Before you start- overlock / zigzag the raw edges. Overlocking buying guide and tips here
1. Place the front skirt E right side facing you. Place your inner pocket H pieces right sides together onto E, matching up the pocket notches. Sew the pocket to the skirt, using a 1cm seam allowance.
3. Iron the pocket pieces open to the side.
Use a 1.5cm seam allowance for the rest of this pattern, unless otherwise indicated.
4. At the pocket and on the wrong side, mark the side and pocket seam allowance 1.5cm. When we sew the skirt front and back pieces together at a later stage, this will show you where to pivot so that you keep to the 1.5cm seam allowance from the side seam and around the pocket.
FRONT AND BACK SKIRT – ELASTIC GATHERING
5. Cut your elastic pieces:
Front- one piece 37cm (if you are making size 3 or 4 you can make your elastic piece 40cm)
Back- two pieces 17cm each (if you are making size 3 or 4 you can make your elastic pieces 20cm each)
Watch our video tutorial on how to attach the elastic here
Fold your elastic in half and place a pin to mark the half way mark. Using a pin, secure your elastic piece onto the skirt 2cm from the side and 1cm from the top. Move to the other side and place another pin, securing the end of your elastic 2cm from the other side and 1cm from the top. Then secure your middle pin to the CF notch (the middle of the skirt). Make sure the elastic doesn’t twist. The fabric in between these pins will ruffle – we need to stretch the elastic as we are sewing to fit the width. Make sure your pins are nice and secure!
Starting from the left create a few reverse stitches to keep the elastic in place and then as you start sewing, stretch the elastic piece to fit along the edge of the skirt. You can remove the middle pin once you get to it. Once sewn, your top edge will make gorgeous even gathers!
Repeat on the two back pieces.
BACK BODICE DARTS
What are darts?
A “dart” is used to shape fabric, often where there is excess fabric or when a more tailored look is required. A dart is usually created to shape the bust, waist, hip or
There are two types of darts;
“triangle shape” – wide at the top and pointed at the end
“shaped” dart – starts with a point, widening in the middle and ending with a point (often found on dress patterns).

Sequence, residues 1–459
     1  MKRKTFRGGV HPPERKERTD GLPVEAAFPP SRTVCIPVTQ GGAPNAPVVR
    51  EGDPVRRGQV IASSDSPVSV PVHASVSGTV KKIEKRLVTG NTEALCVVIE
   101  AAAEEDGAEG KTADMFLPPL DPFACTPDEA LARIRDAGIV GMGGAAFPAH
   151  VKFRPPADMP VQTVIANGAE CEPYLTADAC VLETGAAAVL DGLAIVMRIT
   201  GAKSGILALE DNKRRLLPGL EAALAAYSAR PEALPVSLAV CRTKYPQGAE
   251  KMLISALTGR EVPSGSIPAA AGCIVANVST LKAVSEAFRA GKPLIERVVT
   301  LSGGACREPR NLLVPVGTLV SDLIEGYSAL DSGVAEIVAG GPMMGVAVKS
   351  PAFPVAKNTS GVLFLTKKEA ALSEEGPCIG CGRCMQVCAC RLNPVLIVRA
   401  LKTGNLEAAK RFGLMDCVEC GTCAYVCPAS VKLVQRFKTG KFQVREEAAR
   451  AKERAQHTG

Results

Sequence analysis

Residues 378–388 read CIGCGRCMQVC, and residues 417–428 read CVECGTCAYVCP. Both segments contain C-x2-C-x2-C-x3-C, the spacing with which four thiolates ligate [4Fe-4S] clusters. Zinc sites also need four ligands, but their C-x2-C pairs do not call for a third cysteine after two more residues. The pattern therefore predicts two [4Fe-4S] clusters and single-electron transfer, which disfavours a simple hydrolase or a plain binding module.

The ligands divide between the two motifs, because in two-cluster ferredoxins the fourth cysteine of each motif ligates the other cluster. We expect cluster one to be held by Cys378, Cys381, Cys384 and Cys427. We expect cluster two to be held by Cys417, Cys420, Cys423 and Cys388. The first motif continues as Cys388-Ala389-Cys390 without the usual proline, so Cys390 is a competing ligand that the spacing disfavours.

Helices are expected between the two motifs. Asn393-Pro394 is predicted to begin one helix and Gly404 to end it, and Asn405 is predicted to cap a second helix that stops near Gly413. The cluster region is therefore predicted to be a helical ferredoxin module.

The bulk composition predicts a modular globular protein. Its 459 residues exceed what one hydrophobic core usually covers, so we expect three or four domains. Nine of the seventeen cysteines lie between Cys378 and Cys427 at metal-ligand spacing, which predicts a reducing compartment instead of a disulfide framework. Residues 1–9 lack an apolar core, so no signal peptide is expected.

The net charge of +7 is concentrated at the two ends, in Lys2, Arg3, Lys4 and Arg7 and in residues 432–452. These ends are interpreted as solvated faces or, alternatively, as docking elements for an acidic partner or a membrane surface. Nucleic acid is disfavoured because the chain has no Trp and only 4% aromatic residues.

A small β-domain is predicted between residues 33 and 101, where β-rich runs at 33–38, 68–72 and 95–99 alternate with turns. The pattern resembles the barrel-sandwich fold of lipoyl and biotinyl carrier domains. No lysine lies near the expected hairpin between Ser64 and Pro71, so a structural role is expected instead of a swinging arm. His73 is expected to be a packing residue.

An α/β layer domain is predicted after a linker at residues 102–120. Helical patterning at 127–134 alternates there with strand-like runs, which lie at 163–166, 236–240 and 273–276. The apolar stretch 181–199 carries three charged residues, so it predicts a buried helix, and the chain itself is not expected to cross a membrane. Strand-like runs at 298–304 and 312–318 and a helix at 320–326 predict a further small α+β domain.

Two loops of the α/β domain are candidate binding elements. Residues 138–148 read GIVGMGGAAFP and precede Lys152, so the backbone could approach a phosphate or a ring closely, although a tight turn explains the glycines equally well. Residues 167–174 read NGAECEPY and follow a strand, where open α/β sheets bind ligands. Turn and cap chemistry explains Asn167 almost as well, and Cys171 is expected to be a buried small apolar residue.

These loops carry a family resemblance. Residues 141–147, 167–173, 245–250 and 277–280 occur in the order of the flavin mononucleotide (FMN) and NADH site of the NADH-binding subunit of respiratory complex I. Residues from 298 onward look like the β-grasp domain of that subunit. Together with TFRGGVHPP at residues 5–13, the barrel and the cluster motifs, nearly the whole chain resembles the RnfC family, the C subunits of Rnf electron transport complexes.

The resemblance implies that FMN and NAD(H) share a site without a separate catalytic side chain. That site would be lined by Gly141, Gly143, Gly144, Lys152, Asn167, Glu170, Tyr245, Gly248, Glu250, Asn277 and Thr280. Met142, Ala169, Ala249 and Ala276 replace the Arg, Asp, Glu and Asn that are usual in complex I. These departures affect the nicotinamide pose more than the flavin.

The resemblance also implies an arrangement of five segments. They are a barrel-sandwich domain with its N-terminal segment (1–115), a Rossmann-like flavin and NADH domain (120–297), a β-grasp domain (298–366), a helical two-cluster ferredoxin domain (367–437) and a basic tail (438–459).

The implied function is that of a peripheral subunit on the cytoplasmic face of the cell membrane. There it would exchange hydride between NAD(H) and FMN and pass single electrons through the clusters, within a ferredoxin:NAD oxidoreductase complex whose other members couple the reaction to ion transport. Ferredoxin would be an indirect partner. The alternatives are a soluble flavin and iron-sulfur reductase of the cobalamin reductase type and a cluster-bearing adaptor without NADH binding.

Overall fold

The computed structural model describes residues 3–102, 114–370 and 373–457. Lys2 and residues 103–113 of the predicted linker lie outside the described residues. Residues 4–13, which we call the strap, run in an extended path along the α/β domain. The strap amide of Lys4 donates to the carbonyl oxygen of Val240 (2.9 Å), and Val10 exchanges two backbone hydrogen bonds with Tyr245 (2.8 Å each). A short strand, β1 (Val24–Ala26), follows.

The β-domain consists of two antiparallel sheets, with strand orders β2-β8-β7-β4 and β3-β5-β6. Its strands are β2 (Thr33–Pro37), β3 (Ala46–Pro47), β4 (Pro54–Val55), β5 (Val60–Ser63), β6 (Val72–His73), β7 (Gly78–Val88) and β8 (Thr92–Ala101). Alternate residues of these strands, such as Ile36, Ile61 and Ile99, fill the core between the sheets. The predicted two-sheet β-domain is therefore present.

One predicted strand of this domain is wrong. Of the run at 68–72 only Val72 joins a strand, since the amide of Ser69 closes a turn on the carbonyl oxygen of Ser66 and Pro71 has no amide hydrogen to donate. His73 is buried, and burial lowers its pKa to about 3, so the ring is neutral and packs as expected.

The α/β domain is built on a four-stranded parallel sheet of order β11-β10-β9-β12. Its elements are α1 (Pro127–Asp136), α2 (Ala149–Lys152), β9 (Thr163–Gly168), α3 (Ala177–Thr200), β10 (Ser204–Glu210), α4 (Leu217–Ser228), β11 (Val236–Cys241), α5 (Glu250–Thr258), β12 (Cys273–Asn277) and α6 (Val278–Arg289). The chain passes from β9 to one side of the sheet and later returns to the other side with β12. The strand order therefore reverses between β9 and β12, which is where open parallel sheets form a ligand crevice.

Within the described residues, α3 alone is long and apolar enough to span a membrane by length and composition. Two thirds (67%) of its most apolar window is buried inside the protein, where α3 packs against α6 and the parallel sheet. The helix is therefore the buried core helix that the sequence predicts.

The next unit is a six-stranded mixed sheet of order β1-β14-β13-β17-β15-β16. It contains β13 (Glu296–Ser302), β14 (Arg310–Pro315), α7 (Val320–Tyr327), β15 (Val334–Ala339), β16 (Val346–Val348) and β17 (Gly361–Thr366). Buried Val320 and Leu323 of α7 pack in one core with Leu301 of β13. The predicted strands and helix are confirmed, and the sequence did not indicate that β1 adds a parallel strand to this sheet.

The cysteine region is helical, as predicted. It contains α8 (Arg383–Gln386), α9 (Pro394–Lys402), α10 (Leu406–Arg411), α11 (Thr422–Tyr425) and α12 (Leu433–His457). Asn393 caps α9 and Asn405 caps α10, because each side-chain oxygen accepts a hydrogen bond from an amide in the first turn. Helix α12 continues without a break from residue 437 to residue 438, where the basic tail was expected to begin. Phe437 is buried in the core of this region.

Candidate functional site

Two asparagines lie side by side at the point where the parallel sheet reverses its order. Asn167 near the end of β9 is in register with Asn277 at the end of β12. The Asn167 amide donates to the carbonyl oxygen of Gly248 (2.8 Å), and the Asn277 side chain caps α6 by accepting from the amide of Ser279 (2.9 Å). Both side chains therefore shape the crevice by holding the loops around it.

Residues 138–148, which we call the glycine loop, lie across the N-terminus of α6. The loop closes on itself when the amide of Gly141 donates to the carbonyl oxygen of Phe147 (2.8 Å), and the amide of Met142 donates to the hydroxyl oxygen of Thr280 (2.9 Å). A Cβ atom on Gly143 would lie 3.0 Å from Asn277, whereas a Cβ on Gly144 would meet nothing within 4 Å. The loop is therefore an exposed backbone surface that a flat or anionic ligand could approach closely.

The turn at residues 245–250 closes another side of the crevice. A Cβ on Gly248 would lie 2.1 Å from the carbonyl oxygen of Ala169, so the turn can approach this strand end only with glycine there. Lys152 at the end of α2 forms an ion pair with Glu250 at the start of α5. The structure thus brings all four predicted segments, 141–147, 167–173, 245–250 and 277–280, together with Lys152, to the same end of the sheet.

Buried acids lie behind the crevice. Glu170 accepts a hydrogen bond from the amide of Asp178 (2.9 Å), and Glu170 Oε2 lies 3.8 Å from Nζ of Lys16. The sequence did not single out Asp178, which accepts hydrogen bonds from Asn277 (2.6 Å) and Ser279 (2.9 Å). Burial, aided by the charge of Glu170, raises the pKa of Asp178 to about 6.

A badly sewn dart will result in the fabric puckering on the right side. A perfect dart will be straight and smooth and will be barely visible from the right side
Tip. It may help you to draw the line from the notch to the dot – this will help you to sew the dart in a straight line. When drawing or sewing the line, it should extend off the fabric at the dot. The line of sewing needs to be a perfect straight line from notch to dot otherwise the dart will pucker.
ATTACHING THE BACK BODICE TO THE BACK SKIRT
9. Place the back of the skirt and the back bodice, right sides together. Pin these two pieces together first pinning each side (as shown on the picture below). Then continue to fit the skirt to the bodice, ensuring that the edges are flush against the top.
11. Check that both pieces are exactly the same when side by side.
Tip. The success of how the zip looks depends on whether the two back pieces are stitched accurately. Fix it now if the bodice is higher on the one side – it simply means that your seam allowances have gone off 1.5cm on one of the sides.
DRESS BACK – INVISIBLE ZIP
* This tutorial is showing you how to attach an invisible zip using your zipper foot that comes with most machines. You can buy specific invisible zip foots that are great but the application is slightly different. We will add a tutorial on that soon!
Foot on the left is a standard zipper foot, foot on the right is an invisible zipper foot.
An invisible zip is completely different from a standard zip – the way it looks is different and the way you insert it into the garment is different.
You always work on the right side of the fabric when putting in an invisible zip.
The ‘teeth’ of the zip are on the inside of the zip whereas the ‘teeth’ of a regular zip are on the outside.
12. Prepare the zipper. Unzip the zipper and you will notice that the zip “rolls” to the side. Take your iron and, on a warm but not hot setting, iron the zip so that
each rolled side lies very flat.
13. Place D right sides facing you. Working on the left side, place the zip right side down, along the CB edge. Pin the right side of the zip to the left side of D. The loose side of the zip will be on the left.
14. Using your zipper presser foot and starting from the top of the zip, create a row of stitches next to the zipper teeth. Don’t sew too close to the teeth of the zip – just a few mm next to it. Sew until you reach the bottom of the zipper, until you can’t sew anymore – don’t forget to reverse stitch. When you reach the skirt and bodice join, ensure your seam allowance stays open.